Ah! but was not Cairncross “well placed to obtain technical data from Turing, who was vulnerable to blackmail because his homosexuality made him a security risk”? Anyone who tried to blackmail Alan Turing, one of the two mathematical geniuses in the organization, would have been met by an icy, puzzled smile. Turing never believed homosexuality to be a crime; so little so that after the war, when a boy he befriended stole from him, he went to the police outraged that love should have been betrayed. Subsequently convicted and sentenced to receive hormone treatment, he grew breasts and later killed himself in disgust with life.
Well, but did not Cairncross receive secret congratulations from his Soviet control for informing him of the German order of battle before the battle of Kursk? It was hardly odd that the Soviet High Command received this information. By 1943 some Ultra was being passed to the Russians through an official link. Wing Commander Asher Lee used to hand to an NKVD colonel in the Russian embassy the latest information Ultra provided on the German army’s dispositions.
Bletchley was run on the principle that you were told only what you “needed to know” for your own work. People like to pretend they know everything; no one in Bletchley knew everything. Practically everyone who worked there had tunnel vision. All Blunt could ever have seen were Abwehr decrypts and the Sicherheitsdienst material Leo Long worked on. Long admitted giving Blunt the weekly MI14 summary which in its banality resembled the surmises of the Times military correspondent.
Costello does not realize that spymasters and the high command want to have proof, documentary proof if possible, that the intelligence they receive is cast-iron. Such proof is often unobtainable. Gossip and conjecture, however intelligent, rarely convince; that is why Soviet spymasters want photostat documents. Nevertheless intelligence chiefs are reluctant to provide such proof. They fear some general or politician will blab and their source will be compromised. In the first years of the war the security surrounding Ultra was so intense that commanders, and even the general staff in London, were skeptical of the information derived from it because it was so skillfully disguised in order to protect the fact that Ultra existed. Had he known how cast-iron Ultra was the British general Freyberg in Crete could have wiped out the German paratroop division when it landed by concentrating his forces around the airfield. It was only later, in Montgomery’s day, that commanders learned to trust this source.
Jean Howard, one of the young women who worked in Hut 3, remembered a group of generals in June 1941 coming to inspect the war map of the Russian front and questioning the number of pins and flags representing the massed German divisions. Surely there were too many, surely these civilians who worked in Hut 3 had got it wrong? They were taken aback when Jean Howard remarked that her training as an opera singer ill-equipped her to invent an order of battle.
An intelligence officer has a harder task than a historian in sifting evidence. On his desk are two trays. The in-tray contains information of every description from press cuttings and reports from C3 agents (unreliable information obtained third hand) to those from A1 sources (well-placed observers with a reputation for accuracy). The officer evaluates it; and most of it goes into the wastepaper basket. The out-tray contains his assessment of worthwhile material and the inferences he can draw from it. Costello’s book is his in-tray. Everything is recorded, and unwarrantable inferences are drawn. Peter Wright is cited time and time again as a first-rate source. Yet we know that Wright was obsessed and gulled by James Angleton and had every reason to multiply the numbers of those he interrogated who “confessed” or “made a partial confession.” We are told that one of Blunt’s Cambridge contemporaries, Andrew Cohen, “began to play a critical role in moulding views that set the stage for the dismantling of Britain’s Empire in Africa”—as if this too was part of the Communist plot. All one can say is: good for Sir Andrew to have brought the colonial service to its senses long before the old play-actor Harold Macmillan made his speech about the wind of change in Africa.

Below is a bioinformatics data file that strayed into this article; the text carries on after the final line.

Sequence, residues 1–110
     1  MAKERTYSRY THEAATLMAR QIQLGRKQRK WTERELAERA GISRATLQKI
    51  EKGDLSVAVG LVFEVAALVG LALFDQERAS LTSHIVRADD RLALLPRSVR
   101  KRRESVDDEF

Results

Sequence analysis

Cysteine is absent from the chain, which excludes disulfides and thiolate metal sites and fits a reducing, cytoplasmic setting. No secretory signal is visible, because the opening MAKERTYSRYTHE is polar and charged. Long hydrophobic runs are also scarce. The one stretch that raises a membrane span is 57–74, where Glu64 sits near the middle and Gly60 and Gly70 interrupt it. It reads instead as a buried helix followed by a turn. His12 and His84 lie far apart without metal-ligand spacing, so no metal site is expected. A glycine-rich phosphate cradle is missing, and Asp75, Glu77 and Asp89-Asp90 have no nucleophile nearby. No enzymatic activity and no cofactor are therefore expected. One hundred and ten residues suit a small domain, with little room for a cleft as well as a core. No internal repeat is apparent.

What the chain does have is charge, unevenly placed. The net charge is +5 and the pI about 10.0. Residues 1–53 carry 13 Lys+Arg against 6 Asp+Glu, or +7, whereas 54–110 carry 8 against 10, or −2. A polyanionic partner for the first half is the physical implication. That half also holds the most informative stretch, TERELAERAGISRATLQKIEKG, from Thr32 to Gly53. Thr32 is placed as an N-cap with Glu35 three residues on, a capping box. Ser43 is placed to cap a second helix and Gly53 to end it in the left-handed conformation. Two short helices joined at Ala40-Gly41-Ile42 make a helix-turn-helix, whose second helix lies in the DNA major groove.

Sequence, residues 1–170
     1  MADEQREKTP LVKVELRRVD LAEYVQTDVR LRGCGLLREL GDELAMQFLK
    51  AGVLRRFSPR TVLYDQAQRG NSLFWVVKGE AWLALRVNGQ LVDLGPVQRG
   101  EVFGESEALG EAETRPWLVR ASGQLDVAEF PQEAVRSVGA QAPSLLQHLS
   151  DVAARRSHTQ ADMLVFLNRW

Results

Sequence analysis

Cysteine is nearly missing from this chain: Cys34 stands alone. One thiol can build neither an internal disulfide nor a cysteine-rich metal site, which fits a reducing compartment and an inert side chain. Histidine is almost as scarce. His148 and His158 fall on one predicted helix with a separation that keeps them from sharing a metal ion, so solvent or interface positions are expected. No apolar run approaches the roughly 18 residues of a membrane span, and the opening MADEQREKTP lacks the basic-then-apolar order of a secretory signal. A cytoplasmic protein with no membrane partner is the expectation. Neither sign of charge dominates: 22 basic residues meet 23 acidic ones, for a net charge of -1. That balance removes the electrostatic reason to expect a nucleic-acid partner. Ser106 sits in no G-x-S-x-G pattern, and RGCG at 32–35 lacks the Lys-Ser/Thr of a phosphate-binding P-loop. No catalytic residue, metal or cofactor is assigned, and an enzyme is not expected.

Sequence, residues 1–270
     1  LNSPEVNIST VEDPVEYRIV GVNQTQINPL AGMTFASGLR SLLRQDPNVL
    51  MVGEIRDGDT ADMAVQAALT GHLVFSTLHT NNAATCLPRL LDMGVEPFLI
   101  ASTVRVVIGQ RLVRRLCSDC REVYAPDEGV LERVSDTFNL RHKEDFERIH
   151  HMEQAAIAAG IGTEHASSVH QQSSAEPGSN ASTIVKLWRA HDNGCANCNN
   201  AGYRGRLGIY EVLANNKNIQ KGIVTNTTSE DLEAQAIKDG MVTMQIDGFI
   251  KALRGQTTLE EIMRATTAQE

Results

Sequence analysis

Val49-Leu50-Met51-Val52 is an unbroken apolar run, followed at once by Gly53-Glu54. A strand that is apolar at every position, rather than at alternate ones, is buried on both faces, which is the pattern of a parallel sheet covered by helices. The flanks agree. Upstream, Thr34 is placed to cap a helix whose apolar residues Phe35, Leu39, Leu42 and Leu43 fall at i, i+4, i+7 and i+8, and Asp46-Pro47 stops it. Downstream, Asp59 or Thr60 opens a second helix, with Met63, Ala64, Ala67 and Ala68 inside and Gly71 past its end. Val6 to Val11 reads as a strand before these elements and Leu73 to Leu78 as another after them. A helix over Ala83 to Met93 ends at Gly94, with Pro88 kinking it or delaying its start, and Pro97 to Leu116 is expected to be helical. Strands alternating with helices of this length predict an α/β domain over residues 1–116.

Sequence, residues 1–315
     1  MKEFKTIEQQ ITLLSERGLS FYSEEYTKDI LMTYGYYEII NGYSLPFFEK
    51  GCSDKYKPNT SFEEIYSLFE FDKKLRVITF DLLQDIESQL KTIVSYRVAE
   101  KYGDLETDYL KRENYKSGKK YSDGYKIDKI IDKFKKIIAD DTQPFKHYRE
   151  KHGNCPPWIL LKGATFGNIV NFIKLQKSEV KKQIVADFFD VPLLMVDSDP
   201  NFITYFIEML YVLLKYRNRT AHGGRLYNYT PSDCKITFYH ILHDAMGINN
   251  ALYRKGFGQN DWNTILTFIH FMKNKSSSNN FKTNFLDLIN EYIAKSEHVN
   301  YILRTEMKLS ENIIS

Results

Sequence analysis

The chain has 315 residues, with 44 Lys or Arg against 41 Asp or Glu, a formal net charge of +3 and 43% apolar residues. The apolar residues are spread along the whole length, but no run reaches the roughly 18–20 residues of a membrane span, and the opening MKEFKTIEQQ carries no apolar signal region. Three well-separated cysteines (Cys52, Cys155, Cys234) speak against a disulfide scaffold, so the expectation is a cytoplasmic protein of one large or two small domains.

Costello is keen to show how members of the British ruling class exonerated themselves. They even suggested that the terrible losses in the First World War had deprived the country of its real leaders. Costello cites Robert Wohl to show that in fact these casualties were nowhere near as damaging as another scholar, J.M. Winter, made out. Unfortunately Winter was correcting Wohl and not Wohl Winter. It does not matter that Costello thinks E.M. Forster wrote Maurice under the influence of A Shropshire Lad, or that Osbert is confused with Sacheverell Sitwell, or that academic qualifications ever governed election to the Cambridge Apostles. Mistakes of this kind are bound to occur in an enterprise of this kind and it is impressive that there are so few. But it does matter that Costello does not appreciate the British dislike of intrusion into their private lives or their skepticism where spies and spycatchers are concerned. The rule of law protects spies. Blunt and Philby both knew that no case against them would ever have stood up in court. It is too easy to imagine what a Queen’s Counsel would have done to the Soviet defector Golitsyn, on whom Angleton relied for some of his allegations, in the witness box. MI5 was to be humiliated in the courts when Giuseppe Martelli of the Atomic Energy Authority was acquitted by a jury who took the curious view that to own spy equipment and be in contact with the KGB was insufficient evidence of spying.